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Floating Worlds
Bar Harbor
I finally got around to reading a book I got for Christmas last year: _Floating Worlds: The Letters of Edward Gorey and Peter F. Neumeyer_. It contains correspondence between the two of them from 1968 through early 1970, as well as many envelopes with Gorey illustrations on them. Primarily of interest to Gorey fanatics only, but it did spark some thoughts I felt worth sharing.

During the time covered by this book, Edward Gorey was doing a lot of commercial illustration work to earn money, in between working n his own books. He and Neumeyer both hoped that their collaboration will lead to great fame and fortune for them both, and they speak of dozens of potential joint projects.

From the standpoint of the 21st century, this looks weirdly misguided. The collaborations between the two, while reasonably successful, stopped after three books, and never amounted to anything much. Gorey went on to earn enduring fame and fortune in his own right; Neumeyer pretty much didn't. What really struck me, however, was that, by this time, about half of Gorey's best work, that would earn him that fame and fortune, was already *done*. Mostly for small specialist publishers, and not all of it even still in print, but done nonetheless.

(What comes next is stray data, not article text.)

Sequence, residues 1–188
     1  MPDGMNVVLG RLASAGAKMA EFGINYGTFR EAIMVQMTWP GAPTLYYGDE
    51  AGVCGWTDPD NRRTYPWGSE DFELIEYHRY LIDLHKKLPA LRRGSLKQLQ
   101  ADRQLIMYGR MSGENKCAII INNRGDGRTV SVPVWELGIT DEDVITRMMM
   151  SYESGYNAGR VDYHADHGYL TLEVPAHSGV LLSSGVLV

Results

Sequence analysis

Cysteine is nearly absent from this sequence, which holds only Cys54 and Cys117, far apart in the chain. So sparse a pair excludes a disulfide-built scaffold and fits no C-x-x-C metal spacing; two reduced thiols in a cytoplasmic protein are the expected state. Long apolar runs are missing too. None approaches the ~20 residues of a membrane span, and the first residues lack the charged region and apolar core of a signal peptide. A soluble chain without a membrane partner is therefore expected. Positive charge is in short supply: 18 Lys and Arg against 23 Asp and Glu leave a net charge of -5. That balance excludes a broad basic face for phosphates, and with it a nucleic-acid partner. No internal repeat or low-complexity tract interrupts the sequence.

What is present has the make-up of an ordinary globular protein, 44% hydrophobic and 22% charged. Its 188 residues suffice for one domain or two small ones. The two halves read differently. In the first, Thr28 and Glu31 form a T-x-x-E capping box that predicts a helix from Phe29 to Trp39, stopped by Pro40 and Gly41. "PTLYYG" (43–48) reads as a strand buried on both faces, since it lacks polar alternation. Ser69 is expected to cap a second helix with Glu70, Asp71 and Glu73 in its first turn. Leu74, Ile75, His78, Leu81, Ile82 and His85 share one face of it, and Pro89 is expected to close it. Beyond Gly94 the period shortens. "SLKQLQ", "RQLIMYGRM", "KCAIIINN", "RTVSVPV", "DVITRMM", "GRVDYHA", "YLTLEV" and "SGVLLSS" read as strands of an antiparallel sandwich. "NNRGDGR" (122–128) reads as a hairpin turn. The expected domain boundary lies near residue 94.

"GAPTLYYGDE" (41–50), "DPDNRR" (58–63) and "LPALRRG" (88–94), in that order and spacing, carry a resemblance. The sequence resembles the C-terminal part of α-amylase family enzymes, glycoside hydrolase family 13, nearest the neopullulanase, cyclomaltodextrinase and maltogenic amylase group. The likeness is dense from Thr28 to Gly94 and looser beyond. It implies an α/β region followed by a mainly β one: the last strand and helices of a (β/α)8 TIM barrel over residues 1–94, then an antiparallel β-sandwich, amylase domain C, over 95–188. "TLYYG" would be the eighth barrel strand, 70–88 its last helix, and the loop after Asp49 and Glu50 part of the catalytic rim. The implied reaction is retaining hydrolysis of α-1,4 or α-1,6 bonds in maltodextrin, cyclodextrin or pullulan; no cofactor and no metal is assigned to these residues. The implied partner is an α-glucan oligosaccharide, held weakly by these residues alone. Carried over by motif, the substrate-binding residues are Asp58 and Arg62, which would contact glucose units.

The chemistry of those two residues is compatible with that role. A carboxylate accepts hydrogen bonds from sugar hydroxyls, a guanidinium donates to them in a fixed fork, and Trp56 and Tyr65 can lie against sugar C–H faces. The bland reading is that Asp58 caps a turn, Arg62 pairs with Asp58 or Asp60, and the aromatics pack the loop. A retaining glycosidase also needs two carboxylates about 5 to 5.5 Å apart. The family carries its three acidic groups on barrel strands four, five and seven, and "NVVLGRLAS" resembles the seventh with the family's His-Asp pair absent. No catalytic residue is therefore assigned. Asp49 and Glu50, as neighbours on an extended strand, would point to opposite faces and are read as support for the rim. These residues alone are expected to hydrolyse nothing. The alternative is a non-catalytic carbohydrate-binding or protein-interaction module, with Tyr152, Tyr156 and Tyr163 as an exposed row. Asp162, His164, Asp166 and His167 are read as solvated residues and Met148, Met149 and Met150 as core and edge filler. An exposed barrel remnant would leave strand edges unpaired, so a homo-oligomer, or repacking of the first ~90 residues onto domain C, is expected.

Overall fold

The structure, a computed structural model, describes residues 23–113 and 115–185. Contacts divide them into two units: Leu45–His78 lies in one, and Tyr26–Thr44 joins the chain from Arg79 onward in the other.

Perhaps this sort of thing is what keeps the great artists humble. Knowing that the same piece of work can be ignored by everyone or broadly hailed as a work of genius, just with the passage of time.
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